Misoprostol In Practice

M. Potts

Prior to the availability of misoprostol, it was impossible to carry any significant element of emergency obstetric care into homes where women deliver without a skilled birth attendant. As a low-cost, easy-to-administer, powerful uterotonic with an excellent safety profile and long shelf-life, misoprostol has a revolutionary potential to reduce death and morbidity from postpartum hemorrhage in precisely those situations where it is most common - delivery at home without a skilled birth attendant.

In a placebo-controlled, community-based trial in India, administration of 600 |ig miso-prostol orally immediately after delivery significantly reduced postpartum hemorrhage (see Addendum). Research in Indonesia, Nepal and elsewhere is showing that community volunteers with minimal training can teach illiterate women to self-administer misoprostol effectively and responsibly1 (see Chapter 19). A 1000 |g rectal dose of misoprostol can be used to treat postpartum hemorrhage, in situations where an appropriate technology exists to diagnose blood loss (such as blood-soaked sarong or 'kanga'), and where births are attended by traditional birth attendants (TBAs). In Tanzania, illiterate TBAs, with a brief training, used misoprostol to bring about a highly significant reduction in the number of women who needed to be referred to hospital or receive intravenous treatment2.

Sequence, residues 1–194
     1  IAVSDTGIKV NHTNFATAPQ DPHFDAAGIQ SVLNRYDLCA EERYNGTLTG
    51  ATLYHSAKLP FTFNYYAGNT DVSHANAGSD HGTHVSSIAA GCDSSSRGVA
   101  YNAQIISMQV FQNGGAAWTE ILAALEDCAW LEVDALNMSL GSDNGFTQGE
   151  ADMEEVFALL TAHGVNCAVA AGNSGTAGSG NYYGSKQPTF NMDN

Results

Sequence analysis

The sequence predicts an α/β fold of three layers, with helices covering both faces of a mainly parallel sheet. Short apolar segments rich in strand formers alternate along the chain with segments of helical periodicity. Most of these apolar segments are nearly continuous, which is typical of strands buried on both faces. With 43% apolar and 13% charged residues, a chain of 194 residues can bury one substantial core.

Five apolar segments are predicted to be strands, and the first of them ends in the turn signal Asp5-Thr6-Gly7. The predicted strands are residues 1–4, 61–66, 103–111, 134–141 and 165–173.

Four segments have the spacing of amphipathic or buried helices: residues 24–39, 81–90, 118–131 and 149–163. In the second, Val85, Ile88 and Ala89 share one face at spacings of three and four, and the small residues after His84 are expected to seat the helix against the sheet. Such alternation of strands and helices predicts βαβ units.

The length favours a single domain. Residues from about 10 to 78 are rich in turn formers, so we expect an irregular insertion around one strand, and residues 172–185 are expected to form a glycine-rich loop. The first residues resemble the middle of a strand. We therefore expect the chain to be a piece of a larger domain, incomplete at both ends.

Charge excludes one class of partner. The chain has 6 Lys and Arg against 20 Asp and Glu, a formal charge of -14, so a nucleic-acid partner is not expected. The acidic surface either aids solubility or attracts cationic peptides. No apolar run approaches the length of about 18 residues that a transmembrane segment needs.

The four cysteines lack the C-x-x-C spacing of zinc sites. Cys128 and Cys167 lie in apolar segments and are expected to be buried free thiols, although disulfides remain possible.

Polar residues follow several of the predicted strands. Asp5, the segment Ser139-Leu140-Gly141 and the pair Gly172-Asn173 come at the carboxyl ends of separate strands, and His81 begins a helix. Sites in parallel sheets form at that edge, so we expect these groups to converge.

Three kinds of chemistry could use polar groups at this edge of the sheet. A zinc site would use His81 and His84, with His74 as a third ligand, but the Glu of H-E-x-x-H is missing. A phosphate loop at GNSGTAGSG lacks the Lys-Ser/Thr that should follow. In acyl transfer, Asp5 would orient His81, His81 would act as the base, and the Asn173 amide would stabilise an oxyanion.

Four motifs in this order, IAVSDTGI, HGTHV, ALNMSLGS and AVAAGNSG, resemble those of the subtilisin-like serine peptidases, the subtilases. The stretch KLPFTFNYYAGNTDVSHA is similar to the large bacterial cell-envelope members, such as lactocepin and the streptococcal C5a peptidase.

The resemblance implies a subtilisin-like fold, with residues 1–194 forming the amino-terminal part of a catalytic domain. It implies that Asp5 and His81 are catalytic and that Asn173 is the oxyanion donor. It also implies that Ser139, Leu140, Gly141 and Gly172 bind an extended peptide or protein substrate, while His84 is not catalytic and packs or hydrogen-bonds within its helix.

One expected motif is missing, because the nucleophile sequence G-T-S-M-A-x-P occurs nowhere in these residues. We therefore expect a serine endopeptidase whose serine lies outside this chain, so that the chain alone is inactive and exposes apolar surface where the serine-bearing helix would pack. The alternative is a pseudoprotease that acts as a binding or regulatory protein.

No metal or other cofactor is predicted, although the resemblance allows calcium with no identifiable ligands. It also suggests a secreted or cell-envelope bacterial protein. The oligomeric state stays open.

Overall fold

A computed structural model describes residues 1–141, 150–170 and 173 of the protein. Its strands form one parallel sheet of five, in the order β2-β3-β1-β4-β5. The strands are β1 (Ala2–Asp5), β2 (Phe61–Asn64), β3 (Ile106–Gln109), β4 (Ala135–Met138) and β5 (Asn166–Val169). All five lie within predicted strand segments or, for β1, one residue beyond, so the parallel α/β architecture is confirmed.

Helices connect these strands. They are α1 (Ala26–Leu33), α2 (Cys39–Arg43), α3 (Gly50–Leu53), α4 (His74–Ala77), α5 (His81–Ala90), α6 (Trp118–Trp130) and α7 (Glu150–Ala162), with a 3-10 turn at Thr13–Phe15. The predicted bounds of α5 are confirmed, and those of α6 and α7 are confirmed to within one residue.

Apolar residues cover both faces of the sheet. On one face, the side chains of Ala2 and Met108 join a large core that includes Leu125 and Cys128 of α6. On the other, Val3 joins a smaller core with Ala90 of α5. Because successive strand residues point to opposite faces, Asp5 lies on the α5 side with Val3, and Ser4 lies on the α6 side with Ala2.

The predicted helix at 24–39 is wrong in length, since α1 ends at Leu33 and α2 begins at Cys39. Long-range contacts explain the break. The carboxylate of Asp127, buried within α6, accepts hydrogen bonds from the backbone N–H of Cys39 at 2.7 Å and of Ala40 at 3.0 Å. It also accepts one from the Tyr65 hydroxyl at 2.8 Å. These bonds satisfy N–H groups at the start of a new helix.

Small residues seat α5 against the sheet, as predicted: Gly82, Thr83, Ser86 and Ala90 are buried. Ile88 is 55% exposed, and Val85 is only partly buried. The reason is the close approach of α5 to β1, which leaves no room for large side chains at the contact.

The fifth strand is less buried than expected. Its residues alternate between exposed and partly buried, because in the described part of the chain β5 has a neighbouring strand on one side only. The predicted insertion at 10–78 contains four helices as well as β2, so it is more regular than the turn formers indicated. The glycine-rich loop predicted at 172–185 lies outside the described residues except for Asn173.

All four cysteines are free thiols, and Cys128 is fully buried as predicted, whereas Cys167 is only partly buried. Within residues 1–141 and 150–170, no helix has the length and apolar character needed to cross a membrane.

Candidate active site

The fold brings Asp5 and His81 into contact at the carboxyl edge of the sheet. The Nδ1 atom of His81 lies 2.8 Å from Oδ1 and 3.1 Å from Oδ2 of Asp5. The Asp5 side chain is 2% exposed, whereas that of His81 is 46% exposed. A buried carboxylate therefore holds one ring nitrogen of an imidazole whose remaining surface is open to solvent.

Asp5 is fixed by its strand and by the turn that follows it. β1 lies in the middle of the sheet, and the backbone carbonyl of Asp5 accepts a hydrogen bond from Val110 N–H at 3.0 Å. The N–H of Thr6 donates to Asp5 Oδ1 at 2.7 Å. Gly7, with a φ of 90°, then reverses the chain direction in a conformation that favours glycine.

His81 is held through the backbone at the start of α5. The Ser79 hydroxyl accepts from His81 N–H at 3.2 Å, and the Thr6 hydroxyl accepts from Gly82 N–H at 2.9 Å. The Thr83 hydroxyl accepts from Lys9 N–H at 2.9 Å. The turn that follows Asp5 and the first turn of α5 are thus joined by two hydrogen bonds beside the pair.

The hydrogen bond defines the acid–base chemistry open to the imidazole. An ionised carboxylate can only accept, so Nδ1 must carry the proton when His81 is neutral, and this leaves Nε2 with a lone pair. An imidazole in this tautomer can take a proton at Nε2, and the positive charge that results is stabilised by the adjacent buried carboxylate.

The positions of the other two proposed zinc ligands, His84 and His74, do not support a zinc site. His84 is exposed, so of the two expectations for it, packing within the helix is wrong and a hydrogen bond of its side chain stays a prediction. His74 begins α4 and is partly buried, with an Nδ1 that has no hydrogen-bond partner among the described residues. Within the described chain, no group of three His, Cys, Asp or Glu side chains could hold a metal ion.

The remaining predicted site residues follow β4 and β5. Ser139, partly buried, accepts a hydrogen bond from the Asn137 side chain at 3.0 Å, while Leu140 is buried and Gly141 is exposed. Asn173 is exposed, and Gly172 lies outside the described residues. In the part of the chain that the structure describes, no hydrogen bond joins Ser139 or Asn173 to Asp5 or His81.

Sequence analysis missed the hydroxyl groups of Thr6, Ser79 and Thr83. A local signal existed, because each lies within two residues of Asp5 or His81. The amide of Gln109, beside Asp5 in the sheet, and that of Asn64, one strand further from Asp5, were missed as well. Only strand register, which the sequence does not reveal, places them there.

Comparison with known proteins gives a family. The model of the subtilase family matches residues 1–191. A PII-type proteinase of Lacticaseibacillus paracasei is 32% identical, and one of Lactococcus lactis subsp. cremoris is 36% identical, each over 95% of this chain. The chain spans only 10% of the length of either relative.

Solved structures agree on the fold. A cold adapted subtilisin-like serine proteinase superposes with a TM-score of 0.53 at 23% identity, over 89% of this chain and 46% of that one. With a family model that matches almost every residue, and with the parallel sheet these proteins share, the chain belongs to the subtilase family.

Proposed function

Although these measures may seem revolutionary at first glance, they should be viewed as an essential step towards a long-term strategy where all women can be delivered by a certified midwife or physician practicing active management of the third stage of labor. Over the past half-century, countries such as Sri Lanka and Thailand have brought maternal mortality to low levels by ensuring over 90% of deliveries are attended by a skilled person able to use an oxytocic, and ultimately all countries should follow such a path.

Unfortunately, rapid population growth, economic collapse and the spread of HIV/ AIDS in some African countries and the endless recruitment of skilled health professions from developing to developed countries will make the road to providing comprehensive obstetric care long and slow. During this interval, widespread access to misoprostol and the education to use it safely during home births have the potential to make a significant contribution - perhaps even the single most important contribution - to reducing the global burden of deaths from postpartum hemorrhage. The only other practical intervention with the potential to reduce postpartum hemorrhage in low-resource settings is realistic access to family planning, as all women who wish to limit childbearing are at risk of postpartum hemorrhage, and the older, higher-parity women, who have the greatest unmet need for family planning, are at even higher risk.

Pregnancy And Childbirth

Pregnancy And Childbirth

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